Ecological landscaping begins with a thorough evaluation and understanding of the project site. What is the soil series? What is the moisture profile? What plant communities would naturally occur on a site with similar characteristics? What plants and plant communities can be supported on the site? The answers to these questions frame a quality restoration with sound environmental information and ecological understanding. Proceeding to design and construction without these is the #1 reason why so many natural landscaping or restoration projects fail.
Embarking on a Restoration Project
Let’s take the popular rain garden as an example. We all know that planting a cattail in a desert is a silly proposition. But did you know that a cattail will similarly die in the typical rain garden or bioswale? Cardinal flowers grow in moist areas; we know this too. But did you know that even after having planted hundreds of them in a rain garden, by year 4 they all will have disappeared? How about butterfly weed? This beautiful orange colored milkweed is found on slopes and dry gravelly areas; but it can live quite happily in some rain gardens. Do you know why? Rain gardens are being prescribed liberally across the country in cookie-cutter fashion and too often falling prey to weeds, disinterest, and then neglect. The root cause is a disregard of the interrelationship between soil, water, and plant. There is, however, an even deeper cause: lack of clarity on the restoration objectives.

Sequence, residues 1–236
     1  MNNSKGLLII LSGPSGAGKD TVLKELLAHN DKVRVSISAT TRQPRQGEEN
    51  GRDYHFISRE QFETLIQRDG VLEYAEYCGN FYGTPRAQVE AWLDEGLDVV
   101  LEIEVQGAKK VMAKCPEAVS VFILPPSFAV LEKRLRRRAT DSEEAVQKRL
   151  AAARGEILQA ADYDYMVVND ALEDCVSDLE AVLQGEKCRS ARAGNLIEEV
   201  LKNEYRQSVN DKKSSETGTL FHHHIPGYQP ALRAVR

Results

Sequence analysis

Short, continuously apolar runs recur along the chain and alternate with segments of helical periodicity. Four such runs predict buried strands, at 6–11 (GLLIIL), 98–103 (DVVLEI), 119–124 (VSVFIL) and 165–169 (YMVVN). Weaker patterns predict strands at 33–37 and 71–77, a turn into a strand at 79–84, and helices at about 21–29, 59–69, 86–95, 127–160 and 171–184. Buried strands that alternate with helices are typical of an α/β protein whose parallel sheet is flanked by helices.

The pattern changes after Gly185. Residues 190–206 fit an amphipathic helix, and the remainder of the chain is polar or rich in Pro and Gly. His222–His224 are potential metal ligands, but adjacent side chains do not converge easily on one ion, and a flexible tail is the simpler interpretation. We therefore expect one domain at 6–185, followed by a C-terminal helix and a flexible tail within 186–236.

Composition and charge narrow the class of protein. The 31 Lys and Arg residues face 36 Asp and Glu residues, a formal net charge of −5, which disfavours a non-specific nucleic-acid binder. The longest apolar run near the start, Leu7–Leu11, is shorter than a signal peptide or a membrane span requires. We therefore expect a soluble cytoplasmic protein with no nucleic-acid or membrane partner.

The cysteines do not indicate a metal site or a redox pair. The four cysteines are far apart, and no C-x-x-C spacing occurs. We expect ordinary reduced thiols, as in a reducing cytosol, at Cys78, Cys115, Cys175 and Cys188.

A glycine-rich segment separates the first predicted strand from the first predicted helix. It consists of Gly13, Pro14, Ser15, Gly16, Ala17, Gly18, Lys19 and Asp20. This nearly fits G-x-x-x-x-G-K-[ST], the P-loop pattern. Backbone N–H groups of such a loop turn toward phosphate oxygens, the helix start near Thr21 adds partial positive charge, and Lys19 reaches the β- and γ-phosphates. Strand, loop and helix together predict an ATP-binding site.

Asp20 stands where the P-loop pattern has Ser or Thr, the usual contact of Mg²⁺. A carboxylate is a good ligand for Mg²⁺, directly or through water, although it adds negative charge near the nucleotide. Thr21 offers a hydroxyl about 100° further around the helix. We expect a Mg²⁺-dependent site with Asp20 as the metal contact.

What are restoration objectives? Is an objective the need to satisfy a specification that may be outdated or misinformed? Is it a desire to achieve a certain color palette? Is it a specific water-handling need? Is it an interest in promoting a certain animal species? Or does the owner have another desire? There can be many valid objectives for a restoration project, but objectives that clash with what you would normally find in a durable and balanced ecosystem will often end in disappointment.
We have learned much over the years by following specs, implementing others’ designs, speculating, and ultimately performing research. We have learned what works and what doesn’t. Most importantly, we believe we understand the underlying factors that lead to success. Get in touch with us to learn more and let us give your next restoration project a greater chance of long-term performance.